It was not clear when the Iranian ships were due to arrive at the southern mouth of the Suez Canal. A senior canal official said it had received no notification so far. Any naval crossing needs approval from Egypt’s foreign and defense ministries.

If they pass, it will be the first crossing by Iranian naval vessels since the 1979 Islamic revolution poisoned relations with Egypt, which signed a peace deal with Israel that year.

The crossing has threatened to be distraction for the army council as it seeks to restore law and order and revive an economy damaged by the 18-day revolution that toppled Mubarak.

The interim government has sharply cut the nation’s economic growth forecast to between 3.5 and 4 percent from around 6 percent before the popular uprising. Egypt’s stock market has been shut for three weeks after plunging as the unrest began.


The ailing former president, holed up with his family in the Red Sea resort of Sharm el-Sheikh, is still coming to terms with the uprising, vowing to “live and die on Egyptian soil.”

A committee, which includes a member of the Brotherhood, Sobhi Saleh, as well as legal and constitutional experts, met on Thursday as the military dismantled the mechanisms that kept Mubarak’s autocratic rule in place.

Saleh said on Wednesday the military council had pledged to lift emergency laws before elections are held.

Some secular leaders fear that racing toward elections in a nation where Mubarak suppressed most opposition activity may hand an edge to the Brotherhood, banned under Mubarak.

The military council has already dissolved parliament and suspended the constitution and now the committee must hammer out new amendments, likely to shorten presidential terms and ensure fair election rules, that must be ready in 10 days.

As part of a transition to democracy and civilian rule, the nation will vote in a referendum on the amendments prior to parliamentary and presidential elections which the military says it hopes to hold within six months.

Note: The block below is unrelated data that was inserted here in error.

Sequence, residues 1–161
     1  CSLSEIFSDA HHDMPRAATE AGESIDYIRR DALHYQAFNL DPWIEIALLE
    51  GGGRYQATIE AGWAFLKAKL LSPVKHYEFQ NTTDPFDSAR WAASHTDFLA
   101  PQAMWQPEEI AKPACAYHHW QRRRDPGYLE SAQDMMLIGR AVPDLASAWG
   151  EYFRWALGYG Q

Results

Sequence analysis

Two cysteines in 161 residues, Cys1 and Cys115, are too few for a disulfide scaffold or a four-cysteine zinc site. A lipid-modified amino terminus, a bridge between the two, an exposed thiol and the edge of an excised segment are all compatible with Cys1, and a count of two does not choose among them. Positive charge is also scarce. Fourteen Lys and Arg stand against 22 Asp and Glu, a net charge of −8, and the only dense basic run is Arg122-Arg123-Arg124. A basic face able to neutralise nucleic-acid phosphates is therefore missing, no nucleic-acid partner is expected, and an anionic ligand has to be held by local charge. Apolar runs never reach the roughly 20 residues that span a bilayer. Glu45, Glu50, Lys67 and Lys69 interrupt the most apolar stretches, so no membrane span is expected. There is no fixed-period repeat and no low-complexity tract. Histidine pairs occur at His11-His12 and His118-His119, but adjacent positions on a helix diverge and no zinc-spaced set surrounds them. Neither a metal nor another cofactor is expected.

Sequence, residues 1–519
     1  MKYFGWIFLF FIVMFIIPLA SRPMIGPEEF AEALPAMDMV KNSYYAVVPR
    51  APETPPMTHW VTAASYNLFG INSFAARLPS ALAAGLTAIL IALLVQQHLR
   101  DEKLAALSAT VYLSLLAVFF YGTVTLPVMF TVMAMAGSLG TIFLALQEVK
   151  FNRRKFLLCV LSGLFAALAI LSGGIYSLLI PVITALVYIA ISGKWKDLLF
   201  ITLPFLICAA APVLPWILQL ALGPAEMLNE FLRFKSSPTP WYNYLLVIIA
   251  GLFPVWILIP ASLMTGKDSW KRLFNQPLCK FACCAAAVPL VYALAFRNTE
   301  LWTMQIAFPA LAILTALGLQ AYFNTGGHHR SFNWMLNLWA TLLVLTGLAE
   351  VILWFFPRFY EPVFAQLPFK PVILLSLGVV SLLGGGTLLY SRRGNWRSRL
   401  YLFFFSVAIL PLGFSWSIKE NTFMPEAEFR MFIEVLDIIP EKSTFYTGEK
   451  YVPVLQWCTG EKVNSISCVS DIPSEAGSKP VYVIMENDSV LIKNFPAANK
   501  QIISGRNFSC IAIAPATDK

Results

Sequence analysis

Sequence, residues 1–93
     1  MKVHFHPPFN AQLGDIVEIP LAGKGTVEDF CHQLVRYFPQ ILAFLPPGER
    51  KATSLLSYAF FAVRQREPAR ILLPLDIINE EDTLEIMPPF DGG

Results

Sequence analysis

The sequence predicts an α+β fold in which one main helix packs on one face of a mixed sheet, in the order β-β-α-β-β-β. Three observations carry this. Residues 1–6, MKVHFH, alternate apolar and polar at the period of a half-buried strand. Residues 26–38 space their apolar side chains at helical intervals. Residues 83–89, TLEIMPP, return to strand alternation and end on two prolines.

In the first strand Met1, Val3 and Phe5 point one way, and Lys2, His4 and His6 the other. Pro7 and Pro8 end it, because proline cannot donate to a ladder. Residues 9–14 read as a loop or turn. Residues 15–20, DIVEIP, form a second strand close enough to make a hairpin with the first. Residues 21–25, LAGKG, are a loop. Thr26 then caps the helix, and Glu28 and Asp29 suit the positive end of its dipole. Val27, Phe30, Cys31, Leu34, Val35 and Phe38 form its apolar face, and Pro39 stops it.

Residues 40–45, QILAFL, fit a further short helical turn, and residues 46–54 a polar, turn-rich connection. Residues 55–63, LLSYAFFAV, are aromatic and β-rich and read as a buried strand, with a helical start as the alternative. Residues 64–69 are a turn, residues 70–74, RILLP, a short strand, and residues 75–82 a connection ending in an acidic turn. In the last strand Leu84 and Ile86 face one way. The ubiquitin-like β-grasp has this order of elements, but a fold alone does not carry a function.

Uncertainty remains over how much influence the military will seek to exert in reshaping a corrupt and oppressive ruling system which it has propped up for six decades.

Members of the new pro-democracy Council of Trustees of the Revolution said on Wednesday its goal was to unite ranks, protect the revolution and open a dialogue with the military.

Existing registered parties are mostly small, weak and fragmented. The Muslim Brotherhood, which under the now suspended constitution could not form a party, may be the best organized group, but its true popularity has yet to be tested.

And with no clear leaders, the youth movement that was pivotal to the revolution due to its use of social networking to organize protests is seeking to overcome splits and expects to announce a timetable for a new political party on Thursday.

(Reporting by Marwa Awad, Edmund Blair, Alexander Dziadosz, Shaimaa Fayed, Andrew Hammond, Alistair Lyon, Sherine El Madany, Tom Perry, Tom Pfeiffer, Yasmine Saleh, Patrick Werr, Jonathan Wright, Dina Zayed in Cairo, Amena Bakr in Saudi Arabia, William Maclean in London; writing by Peter Millership; editing by Jon Boyle)